3rd July 2008

Get Rich Playing Games

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Get Rich Playing Games
Scott Steinberg

Get Rich Playing Games has got to be one of the most useful and entertaining “how to” books I have read recently. I can usually gauge the usefulness of a book by how much yellow highlighter I go through, how many post-it notes stick out from among the pages, and by how many research leads I garner. Scott Steinberg has penned another winner, and in my opinion the value of the information he shares in Get Rich Gaming far exceeds the cost of the book – which is very reasonably priced, by the way.

Get Rich Playing Games covers almost every aspect of the game industry, from pre-startup stage to getting the product on the shelf and beyond. Scott Steinberg doesn’t only focus on the game developers and designers, though. Throughout the book he discusses the important roles other people in the industry play, from the number crunchers and audio designers to the journalists who write the reviews. What I consider important about the inclusion of these different vocations within the videogame industry is that almost anyone who has the passion to work within the industry can probably find a career position for which they are perfectly suited. Not everyone has the knowledge, talent or passion to be an engineer or an artist, and Get Rich Playing Games shows that you don’t have to be able to paint the next fantasy art masterpiece to work in gaming.

As with Scott’s other books, he has enlisted the opinions and experiences of those who have been involved in the gaming industry for a very long time and know of which they speak. Throughout Get Rich Gaming, and especially in the Expert Insight section, readers are given the chance to tap into the collective intelligence of the videogame industry without leaving home. Scott Steinberg talks with the CEO’s of the biggest companies, such as Bruce Hack of Vivendi, and he talks with those who came up through the gaming ranks such as Dennis Fong and Jonathan Wendel. You can read about both the good and the bad experiences of industry gurus such as Will Wright, Richard Garriott, Morgan Webb, Tommy Tallarico, and Jane Jensen to name but a few.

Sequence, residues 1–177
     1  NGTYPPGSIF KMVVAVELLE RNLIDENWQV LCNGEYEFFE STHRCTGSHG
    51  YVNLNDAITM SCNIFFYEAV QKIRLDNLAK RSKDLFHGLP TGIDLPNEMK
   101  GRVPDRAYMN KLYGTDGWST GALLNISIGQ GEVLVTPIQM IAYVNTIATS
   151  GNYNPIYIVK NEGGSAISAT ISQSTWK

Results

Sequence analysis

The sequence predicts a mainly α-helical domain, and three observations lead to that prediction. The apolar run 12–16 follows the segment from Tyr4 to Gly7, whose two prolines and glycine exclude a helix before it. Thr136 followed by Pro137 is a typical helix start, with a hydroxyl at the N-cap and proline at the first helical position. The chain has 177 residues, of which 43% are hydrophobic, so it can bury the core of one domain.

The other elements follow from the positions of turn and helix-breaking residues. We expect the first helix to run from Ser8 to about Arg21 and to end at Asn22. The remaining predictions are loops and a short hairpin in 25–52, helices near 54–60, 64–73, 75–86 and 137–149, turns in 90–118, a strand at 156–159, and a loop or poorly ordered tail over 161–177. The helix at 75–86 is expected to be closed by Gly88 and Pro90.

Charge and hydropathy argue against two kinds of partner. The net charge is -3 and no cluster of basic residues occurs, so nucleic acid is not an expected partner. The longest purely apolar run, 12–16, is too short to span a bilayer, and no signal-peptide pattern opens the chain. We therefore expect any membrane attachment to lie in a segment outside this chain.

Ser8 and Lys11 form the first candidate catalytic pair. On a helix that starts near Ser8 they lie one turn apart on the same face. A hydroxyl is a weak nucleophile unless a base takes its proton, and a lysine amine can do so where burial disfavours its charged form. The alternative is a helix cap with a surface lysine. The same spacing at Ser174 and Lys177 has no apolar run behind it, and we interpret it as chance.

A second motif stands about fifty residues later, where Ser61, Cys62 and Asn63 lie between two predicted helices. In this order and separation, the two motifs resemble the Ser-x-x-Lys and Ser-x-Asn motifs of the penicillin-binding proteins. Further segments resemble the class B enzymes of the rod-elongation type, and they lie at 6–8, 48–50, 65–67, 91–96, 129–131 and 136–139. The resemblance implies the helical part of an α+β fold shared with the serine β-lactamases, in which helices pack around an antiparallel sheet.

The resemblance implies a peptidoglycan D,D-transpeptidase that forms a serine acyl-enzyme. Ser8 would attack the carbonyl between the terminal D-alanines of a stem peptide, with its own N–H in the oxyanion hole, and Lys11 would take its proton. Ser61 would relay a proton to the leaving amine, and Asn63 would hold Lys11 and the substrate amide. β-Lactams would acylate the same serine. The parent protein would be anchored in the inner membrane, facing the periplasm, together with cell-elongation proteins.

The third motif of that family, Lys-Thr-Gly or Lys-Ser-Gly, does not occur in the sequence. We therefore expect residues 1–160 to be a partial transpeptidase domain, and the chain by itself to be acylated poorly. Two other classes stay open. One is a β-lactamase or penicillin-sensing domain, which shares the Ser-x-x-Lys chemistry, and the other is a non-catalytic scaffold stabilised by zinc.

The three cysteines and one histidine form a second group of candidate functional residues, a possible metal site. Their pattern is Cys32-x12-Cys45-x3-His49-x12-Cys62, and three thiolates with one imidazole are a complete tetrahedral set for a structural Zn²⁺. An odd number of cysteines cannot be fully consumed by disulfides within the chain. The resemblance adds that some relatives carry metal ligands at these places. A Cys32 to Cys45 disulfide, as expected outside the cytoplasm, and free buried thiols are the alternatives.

Get Rich Playing Games is an honest look at the methods which worked, and those which didn’t. It shows that with the drive for success, a roadmap is an excellent plan, and so is having a sense of humour, but what I think is the most important lesson in this book is – if you don’t take a chance and leap, you don’t know how far you will go. Scott shares an honest – and humourous – view of his own leap of faith into the gaming industry, and he tells it like it was – sink or learn how to swim. Unlike many of you reading this review, it took me decades to find my passion – or perhaps the passion was there all the time, I just hadn’t opened the right door. I highly recommend that those of you currently toying with the idea of working in the videogame industry take the time to read Get Rich Playing Games, you will garner new insight and you will definitely learn how to focus your talents and interests into finding a place among those who have achieved success in this great industry.

Review Written By: Tami Quiring

This entry was posted on Thursday, July 3rd, 2008 at 11:56 am and is filed under Books. You can follow any responses to this entry through the RSS 2.0 feed. You can leave a response, or trackback from your own site.

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